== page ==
NR: Make enough on a book to justify an ongoing series. Something long lasting.
JL: What are your hopes for ASYL for the future?
NR: I just hope that we can get as many backers as possible so that we can pay Vic something decent, and I hope that everyone that backs us likes the book--I definitely think they’re going to enjoy it. It’s one of the best scripts I’ve written, and there’s so much to explore with future issues and just what sort of things lurk in this asylum throughout the ages.
JL: Is there anything else you want to share with us before we sign off?
NR: I’ve got four novels and a short story collection on Amazon--Eternity, Inner Demons, Locked Coffins, Duality, and The Eclipse Theater--if anybody is interested in reading those until Asyl fulfills.
JL: Thank you for being a part of indie comics showcase. We wish you the best of luck on this campaign and all future projects.
NR: Thank you so much for the interview, John!
Check out the campaign Here!
DREAD & ALIVE: NINE NIGHT
by Nicholas Da Silva
This is a very special installment of Indie Comics Showcase this week, as I’m interviewing Nicholas Da Silva, the creator of one of my personal favorite comics, Dread & Alive. Nicholas is mixed media artist and the founder and editor-in-chief of IRIE Magazine, a publication focusing on Reggae music and culture. For More information on Dread & Alive please visit the site here and check out IRIE. Follow Nickolas on Twitter.
John Lemus: Welcome Nicholas, thank you for being a part of Indie Comics Showcase! I am so happy to be discussing your latest indie comic DREAD & ALIVE: NINE NIGHT.
Nicholas Da Silva: Give thanks for this opportunity to share Dread & Alive: Nine Night with you!
JL: Before we get started I was hoping you could tell us a little bit about yourself, how you got into comics.
NDS: I am a mixed-media artist; I draw, write, code, animate, publish, and produce music. I’ve been drawing since I was 2. I got into writing in my early teens after getting hooked on reading sci-fi books and comics. At the time, sci-fi books and comics took me to another place where I could just be myself and enjoy the strange worlds presented to me. The interaction between good and evil in comics also fascinated me.
JL: What can you tell us about DREADS & ALIVE and the upcoming NINE NIGHT ?
NDS: In Nine Night, Drew will have his work cut out for him as he will have to battle Shadowcatcher and his army of darkness across two worlds, the human world, and the spirit world. Drew must protect the amulet and learn how to survive Nine Night or be forced to walk the earth as a duppy.
Nine Night will be a 12 chapter maxi-series, and each issue will release with an exclusive reggae soundtrack including original tracks written by me under my artist name, ZOOLOOK.
The first two chapters make up the story arc ‘Hide Your Soul.’
JL: I’ve read in other interviews you have done, how Dread & Alive came to be from your research into Jamaica’s History, I was hoping you would be able to touch upon that a little bit with us.
NDS: The song ’96 degrees in the Shade (1865) by Third World inspired me to develop Dread & Alive into a comic book series. When I first heard the song, I had to play it again and again. I was surprised by the lyrics because it was a history lesson for me. The reggae ballad was a tribute to Paul Bogle, the Jamaican freedom fighter hanged for leading a slave revolt in 1865. After hearing that song, I wanted to know more about Jamaica’s History. My research on Jamaica’s history would take me back to the Ashanti people, who are part of the Akan ethnic group from the Ashanti Region of modern-day Ghana.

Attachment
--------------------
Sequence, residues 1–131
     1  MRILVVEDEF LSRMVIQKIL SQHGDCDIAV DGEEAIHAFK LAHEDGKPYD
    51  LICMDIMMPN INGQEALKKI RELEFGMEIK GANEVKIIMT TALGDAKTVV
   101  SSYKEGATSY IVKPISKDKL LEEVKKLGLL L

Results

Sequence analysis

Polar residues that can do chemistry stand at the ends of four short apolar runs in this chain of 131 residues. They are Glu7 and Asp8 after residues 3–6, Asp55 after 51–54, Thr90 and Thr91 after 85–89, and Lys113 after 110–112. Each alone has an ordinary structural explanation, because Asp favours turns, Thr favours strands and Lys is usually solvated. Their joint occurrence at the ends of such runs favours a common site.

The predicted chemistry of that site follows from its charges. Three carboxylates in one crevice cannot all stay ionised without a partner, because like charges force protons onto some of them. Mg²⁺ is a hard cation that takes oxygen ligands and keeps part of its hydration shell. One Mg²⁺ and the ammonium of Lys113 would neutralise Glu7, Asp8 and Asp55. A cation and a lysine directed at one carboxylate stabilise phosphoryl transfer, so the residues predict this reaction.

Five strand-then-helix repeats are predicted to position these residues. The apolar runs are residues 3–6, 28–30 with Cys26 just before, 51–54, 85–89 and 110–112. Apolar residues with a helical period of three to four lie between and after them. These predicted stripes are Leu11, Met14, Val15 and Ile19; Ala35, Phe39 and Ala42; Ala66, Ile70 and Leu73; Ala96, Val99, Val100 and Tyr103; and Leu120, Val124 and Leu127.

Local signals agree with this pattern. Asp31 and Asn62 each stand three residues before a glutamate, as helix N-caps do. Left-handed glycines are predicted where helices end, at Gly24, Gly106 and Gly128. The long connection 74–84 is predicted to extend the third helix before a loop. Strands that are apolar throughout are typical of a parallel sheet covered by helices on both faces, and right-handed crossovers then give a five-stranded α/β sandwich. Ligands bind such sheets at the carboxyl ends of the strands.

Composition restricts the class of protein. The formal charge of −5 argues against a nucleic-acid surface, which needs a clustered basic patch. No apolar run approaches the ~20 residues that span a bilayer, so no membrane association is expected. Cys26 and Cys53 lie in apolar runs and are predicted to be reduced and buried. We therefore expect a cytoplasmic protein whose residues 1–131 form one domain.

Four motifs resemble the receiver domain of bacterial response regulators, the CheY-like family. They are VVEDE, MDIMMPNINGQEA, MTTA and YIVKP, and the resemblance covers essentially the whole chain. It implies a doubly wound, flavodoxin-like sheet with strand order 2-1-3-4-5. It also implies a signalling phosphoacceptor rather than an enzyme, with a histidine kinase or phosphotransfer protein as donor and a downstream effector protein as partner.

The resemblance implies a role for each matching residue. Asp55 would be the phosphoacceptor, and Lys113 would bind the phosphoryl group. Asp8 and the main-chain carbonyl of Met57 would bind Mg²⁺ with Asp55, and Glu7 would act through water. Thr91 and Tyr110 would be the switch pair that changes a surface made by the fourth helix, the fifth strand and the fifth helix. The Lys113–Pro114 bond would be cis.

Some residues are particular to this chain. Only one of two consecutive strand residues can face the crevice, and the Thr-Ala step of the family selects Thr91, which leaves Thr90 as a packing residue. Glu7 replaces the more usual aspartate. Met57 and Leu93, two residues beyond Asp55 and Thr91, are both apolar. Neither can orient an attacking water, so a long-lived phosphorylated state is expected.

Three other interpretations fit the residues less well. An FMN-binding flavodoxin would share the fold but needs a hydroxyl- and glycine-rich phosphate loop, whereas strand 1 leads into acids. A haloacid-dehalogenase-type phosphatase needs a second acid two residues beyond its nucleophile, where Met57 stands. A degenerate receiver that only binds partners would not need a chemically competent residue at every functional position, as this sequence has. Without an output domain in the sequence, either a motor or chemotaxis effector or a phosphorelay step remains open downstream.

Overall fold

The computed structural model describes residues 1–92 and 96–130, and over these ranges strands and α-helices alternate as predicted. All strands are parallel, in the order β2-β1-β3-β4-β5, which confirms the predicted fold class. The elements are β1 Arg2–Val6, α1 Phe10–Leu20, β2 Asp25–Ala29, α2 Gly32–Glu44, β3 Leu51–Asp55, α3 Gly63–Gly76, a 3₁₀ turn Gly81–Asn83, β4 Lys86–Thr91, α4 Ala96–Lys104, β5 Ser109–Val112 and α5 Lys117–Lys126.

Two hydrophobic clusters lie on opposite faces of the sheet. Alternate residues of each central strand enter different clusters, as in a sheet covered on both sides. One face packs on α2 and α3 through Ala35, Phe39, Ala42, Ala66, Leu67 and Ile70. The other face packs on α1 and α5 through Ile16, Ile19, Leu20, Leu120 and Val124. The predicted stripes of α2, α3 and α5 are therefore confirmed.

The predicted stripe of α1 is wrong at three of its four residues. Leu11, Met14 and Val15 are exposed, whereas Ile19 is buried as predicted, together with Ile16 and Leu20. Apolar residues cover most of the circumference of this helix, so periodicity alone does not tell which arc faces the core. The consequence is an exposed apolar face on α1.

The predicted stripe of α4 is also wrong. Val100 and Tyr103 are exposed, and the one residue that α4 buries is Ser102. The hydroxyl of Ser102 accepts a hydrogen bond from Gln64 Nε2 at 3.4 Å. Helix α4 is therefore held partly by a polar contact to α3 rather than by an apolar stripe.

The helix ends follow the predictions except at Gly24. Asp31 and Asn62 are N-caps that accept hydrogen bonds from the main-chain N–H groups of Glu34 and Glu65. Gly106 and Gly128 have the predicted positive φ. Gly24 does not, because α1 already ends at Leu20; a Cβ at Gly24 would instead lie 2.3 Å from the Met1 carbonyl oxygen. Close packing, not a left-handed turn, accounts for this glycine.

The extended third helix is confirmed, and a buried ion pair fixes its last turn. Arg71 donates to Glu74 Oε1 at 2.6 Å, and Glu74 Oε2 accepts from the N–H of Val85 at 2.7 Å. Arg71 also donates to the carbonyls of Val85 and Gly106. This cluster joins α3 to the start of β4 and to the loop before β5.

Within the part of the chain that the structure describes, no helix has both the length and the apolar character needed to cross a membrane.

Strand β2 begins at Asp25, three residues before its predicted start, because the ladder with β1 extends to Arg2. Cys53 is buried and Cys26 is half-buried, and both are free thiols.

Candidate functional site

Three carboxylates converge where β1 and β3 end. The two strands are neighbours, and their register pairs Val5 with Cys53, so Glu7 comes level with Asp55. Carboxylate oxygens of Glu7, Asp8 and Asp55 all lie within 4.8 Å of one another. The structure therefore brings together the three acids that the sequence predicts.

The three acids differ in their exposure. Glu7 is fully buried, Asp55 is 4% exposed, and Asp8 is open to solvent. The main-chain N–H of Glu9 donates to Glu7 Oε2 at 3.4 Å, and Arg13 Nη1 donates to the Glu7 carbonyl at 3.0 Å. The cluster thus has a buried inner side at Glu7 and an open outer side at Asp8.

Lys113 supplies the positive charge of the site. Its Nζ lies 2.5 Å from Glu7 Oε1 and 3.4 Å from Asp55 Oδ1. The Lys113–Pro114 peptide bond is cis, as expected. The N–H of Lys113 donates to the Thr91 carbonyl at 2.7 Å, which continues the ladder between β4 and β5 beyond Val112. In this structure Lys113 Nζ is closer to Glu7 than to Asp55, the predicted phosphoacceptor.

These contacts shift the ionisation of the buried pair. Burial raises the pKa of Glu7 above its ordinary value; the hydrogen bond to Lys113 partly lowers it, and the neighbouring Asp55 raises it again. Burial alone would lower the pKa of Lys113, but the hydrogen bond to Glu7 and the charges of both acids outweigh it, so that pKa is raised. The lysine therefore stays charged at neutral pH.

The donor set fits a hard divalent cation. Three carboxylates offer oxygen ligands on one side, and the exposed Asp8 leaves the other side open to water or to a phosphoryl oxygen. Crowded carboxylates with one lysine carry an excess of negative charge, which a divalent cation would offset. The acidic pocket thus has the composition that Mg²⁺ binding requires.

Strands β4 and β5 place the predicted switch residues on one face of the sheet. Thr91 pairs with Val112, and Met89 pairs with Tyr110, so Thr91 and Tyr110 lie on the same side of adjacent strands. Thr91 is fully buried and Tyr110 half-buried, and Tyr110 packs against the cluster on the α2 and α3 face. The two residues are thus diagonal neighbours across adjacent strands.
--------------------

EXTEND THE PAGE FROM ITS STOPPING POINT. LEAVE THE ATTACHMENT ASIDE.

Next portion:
JL: What are some of the first comics you remember reading and what are some titles that have had the biggest impact on you?
NDS: I started reading Lone Wolf and Cub, followed by The Hulk, Iron Man, Black Panther, and Green Lantern, but the books like Alan Moore’s Watchmen, Brian Azzarello’s 100 Bullets and Kazuo Koike’s Lone Wolf and Cub, Todd McFarlane’s Spawn, and Mike Mignola’s Hellboy have definitely made the most impact on me.
JL: You released the first issue of DREAD & ALIVE back in 2010 and kept up the publication as on ongoing series till 2011. The original run was Six Issues. What happened between then, now, and the release of NINE NIGHT?
NDS: After the sixth issue, I began working on issue #7 when an opportunity came knocking at my door. Having worked in advertising as a lead designer for ten years, I received a Creative Director position for a new startup focused on developing an online learning platform for teenagers. They made me an offer I couldn’t refuse, and I got to keep my soul. My role lasted two years, culminating with a successful launch of the final product, which has 12 million active users in 120 countries.
I left the startup in 2013 to get back into the comic world. I continued creating comics with soundtracks. I decided to research the history of reggae. I was eager to learn everything about reggae. That journey got my creative juices flowing, and by July of 2013, I had secured the domain name, iriemag.com. On December 26, 2013, I launched issue #1 of IRIE, which featured Third World on the cover. The band was celebrating their 40th year together, and I got to interview Cat Coore, Richie ‘Bassie’ Daley, and Bunny Ruggs for the issue. Next year, I will start my 8th year with the master of Dub reggae, Mad Professor, on the cover.
In 2017, I received my 23andme DNA results and found out that I was 39 percent West African. This news just added more fuel to my fire.